Category: Crostata

Baking in the Almost-a-Kitchen–So Long, Miss Gab

Baking in the Almost-a-Kitchen–So Long, Miss Gab

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                In memoriam:  Miss Gab.  July 4, 2008 – September 26, 2014

Our world is made up of many things--special times, prayers, phases, people, schools, skies, places, music, mountains, meals, oceans, books, travels, and, for me, dogs.  If you’ve read this blog long, you’ll know the dogs often figure prominently in the stories and cooking adventures at our house; they always have.

(Below:  May, 2009:  Fiona, our first female golden, with puppy Miss Gab on top of her and then Miss Gab and Tucker with friend Newman)

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(Below:  puppy Tucker with Britta, under Miss Gab, and his own grown-up happy self)

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And while I don’t often enough chronicle loss and pain here in a what appears to be a cooking blog, I can’t move on, cook, or write without a tribute to our Gab–so long part of the Two-Dog Kitchen.  Maybe I just need to get it down so that I can see it here, maybe make some sense of it.  But there’s no sense to this story.  You’ve guessed this isn’t a happy tale. Continue reading “Baking in the Almost-a-Kitchen–So Long, Miss Gab”

38 Power Foods, Week 28 — Almonds — Pear-Almond Crostata

38 Power Foods, Week 28 — Almonds — Pear-Almond Crostata

I had parents who were full of quirky sayings.  My dad, being from the south, often said, “If I could only eat one food on earth, I would choose peanuts.”  (If he’d been from Minnesota, he would have needed to say walnuts.) Another day he’d put milk or eggs in that exalted position, but it was always one of two or three favorites. In other words, if you had to go on a long hike or be out on the lake fishing for a long time, bring nuts.  You’d be happy-crunchy and, while he never mentioned it, you’d be full from the fiber and not be hungry for a long time given the protein and fat content of nuts.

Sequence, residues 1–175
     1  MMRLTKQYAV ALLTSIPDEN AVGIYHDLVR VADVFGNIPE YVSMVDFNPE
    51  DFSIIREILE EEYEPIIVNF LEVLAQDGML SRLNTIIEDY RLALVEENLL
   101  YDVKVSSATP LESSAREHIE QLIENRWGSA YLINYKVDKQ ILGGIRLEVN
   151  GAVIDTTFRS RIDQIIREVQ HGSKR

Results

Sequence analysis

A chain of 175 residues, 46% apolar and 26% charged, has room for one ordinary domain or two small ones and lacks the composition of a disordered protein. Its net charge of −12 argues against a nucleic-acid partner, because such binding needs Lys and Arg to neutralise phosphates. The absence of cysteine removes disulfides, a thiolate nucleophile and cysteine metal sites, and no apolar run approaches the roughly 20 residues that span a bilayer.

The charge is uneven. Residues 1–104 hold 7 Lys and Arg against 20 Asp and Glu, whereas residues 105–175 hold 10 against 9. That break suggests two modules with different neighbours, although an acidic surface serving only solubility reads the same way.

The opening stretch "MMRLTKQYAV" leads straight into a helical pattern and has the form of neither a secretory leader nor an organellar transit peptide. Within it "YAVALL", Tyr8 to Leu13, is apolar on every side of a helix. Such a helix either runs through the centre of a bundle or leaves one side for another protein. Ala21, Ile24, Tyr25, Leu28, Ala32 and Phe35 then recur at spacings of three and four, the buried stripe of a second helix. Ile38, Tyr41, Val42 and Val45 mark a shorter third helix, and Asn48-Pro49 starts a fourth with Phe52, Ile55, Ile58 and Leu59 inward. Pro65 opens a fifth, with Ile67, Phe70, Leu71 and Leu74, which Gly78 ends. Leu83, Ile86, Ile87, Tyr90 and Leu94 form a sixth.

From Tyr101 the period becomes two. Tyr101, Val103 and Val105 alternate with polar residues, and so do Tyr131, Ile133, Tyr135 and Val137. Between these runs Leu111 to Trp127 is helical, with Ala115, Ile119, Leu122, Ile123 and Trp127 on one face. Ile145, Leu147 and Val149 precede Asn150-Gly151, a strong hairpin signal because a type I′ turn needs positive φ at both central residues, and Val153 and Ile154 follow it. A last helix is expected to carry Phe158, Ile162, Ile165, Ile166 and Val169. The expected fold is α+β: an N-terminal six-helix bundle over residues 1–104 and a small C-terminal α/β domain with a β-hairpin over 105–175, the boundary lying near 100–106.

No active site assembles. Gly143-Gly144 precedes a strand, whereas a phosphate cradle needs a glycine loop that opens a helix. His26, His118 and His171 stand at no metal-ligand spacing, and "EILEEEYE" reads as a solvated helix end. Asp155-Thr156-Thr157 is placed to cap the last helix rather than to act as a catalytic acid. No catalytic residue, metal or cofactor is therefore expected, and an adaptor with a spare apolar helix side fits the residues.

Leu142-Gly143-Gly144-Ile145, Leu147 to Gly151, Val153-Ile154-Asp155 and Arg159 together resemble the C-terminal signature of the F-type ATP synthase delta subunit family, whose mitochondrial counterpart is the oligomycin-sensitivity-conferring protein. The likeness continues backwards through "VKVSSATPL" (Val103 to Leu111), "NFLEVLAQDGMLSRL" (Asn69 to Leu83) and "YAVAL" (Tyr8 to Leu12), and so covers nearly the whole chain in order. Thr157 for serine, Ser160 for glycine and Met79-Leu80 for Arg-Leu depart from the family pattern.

My kids once had a doctor who, beside being a wonderful human being and just as good of a doctor, invited us in to his office each visit.  He’d turn around and sit and chat a minute or two before getting down to business.  Once in a while, he’d say, “I haven’t had lunch yet; let me get something to eat while we visit.”  Out of his drawer would come a big bag of plain almonds.  He’d pour a handful or two out for himself and offer the bag to us.  “Best lunch available in a drawer,” was his line.  He’d chomp several before saying, “All right, I’m ok now; I was starved.”

I’m sure neither of these men had pear-almond crostata in mind when he thought about nuts as an excellent source of nutrition, though I do!  It never hurts to add a little protein and fiber to a scrumptious dessert and, while I make lots of desserts (among other things!) with almonds in them– (I use almond paste as the bottom layer of my strudel) — this is my favorite.  Most of my friends have eaten a crostata or two at my house.   It’s a special occasion treat and I make it for birthdays, dinner parties, or holidays.

If you’ve never made a crostata  before, don’t be frightened by the name; it’s just a free-form pie that every self-respecting home and professional cook in Italy makes regularly. (Italian crostatas are often made with jam rather than fresh fruit.)  I find it simpler and tastier than an American pie; it’s forgiving in shape, size, and texture; it’s perfectly luscious and has the oooooo and ahhhhhh factor desserts deserve.

                                   Recipe for a raspberry jam crostata here.

The dough for my crostata is made in the food processor and is done in a flash.  Try this:

pear-almond crostata

4 regular or six small servings for one crostata

Parchment paper needed for baking

pastry:  (makes 2-freeze one for later)
  • 2 cups white, unbleached flour
  • 1/4 cup granulated sugar